By David A. Fahrenthold and Juliet Eilperin
Washington Post Staff Writer
Thursday, July 8, 2010; A05
An independent commission in Britain cleared climate-change researchers of charges of academic misconduct Wednesday, completing an inquiry begun after hundreds of e-mails from the scientists were released to the public.
The commission, chaired by a Scottish university administrator, was the latest to find no evidence that researchers embroiled in the "Climate-gate" scandal had violated academic standards. After examining e-mails and research from the University of East Anglia's Climatic Research Unit, the commission said, "we find that their rigor and honesty as scientists are not in doubt."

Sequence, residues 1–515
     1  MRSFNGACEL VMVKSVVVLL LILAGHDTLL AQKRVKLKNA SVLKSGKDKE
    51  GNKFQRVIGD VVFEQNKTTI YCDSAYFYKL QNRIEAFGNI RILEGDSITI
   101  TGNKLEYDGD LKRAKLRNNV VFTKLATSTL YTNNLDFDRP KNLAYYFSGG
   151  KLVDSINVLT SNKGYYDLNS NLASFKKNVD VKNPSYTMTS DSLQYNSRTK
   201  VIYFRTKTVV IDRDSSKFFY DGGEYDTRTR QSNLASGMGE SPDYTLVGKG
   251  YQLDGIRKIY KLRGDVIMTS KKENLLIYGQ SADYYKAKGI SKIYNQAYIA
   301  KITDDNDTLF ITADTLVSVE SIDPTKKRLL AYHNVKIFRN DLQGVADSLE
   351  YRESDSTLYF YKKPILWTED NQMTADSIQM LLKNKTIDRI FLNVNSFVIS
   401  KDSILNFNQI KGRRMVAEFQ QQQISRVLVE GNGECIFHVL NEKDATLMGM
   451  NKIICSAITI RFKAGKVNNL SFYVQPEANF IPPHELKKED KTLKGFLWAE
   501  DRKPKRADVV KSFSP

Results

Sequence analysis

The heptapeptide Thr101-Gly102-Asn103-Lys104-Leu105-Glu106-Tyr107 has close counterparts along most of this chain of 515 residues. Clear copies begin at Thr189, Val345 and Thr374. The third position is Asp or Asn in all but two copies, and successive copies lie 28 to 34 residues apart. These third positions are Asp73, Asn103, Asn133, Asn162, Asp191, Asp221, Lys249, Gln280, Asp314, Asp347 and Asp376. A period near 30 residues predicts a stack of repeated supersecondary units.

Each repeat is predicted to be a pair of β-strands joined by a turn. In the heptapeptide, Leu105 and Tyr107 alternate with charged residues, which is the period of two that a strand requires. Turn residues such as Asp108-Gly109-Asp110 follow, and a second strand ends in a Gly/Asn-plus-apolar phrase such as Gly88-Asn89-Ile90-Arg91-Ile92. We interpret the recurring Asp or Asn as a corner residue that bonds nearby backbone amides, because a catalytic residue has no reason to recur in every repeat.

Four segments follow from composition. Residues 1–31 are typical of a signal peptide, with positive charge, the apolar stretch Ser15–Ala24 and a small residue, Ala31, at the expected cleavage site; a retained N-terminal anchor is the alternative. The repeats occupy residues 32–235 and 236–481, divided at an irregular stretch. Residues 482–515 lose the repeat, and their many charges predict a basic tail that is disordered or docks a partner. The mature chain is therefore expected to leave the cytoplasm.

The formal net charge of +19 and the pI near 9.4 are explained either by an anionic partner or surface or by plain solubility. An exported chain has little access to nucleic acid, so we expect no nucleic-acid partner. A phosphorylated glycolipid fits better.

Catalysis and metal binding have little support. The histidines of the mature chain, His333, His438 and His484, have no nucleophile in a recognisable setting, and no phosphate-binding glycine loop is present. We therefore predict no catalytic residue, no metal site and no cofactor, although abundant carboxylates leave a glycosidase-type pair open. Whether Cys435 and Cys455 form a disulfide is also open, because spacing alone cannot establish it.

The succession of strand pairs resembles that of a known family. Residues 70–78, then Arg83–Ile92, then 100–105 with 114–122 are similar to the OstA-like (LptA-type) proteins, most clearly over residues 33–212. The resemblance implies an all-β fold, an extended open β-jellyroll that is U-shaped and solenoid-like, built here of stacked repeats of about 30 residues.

The scandal began last fall, after more than 1,000 e-mails were taken from the unit's servers. In one, Phil Jones, the unit's director, wrote a colleague that he would "hide" a problem with data taken from Siberian tree rings with more accurate local air temperature measurements. In another message, Jones talked about keeping research he disagreed with out of a United Nations report.
The university also investigated and found "no evidence of any deliberate scientific malpractice" in the e-mails. Another inquiry, at Pennsylvania State University, examined e-mails sent by Professor Michael Mann, and found that "there is no substance" to allegations that he violated research standards.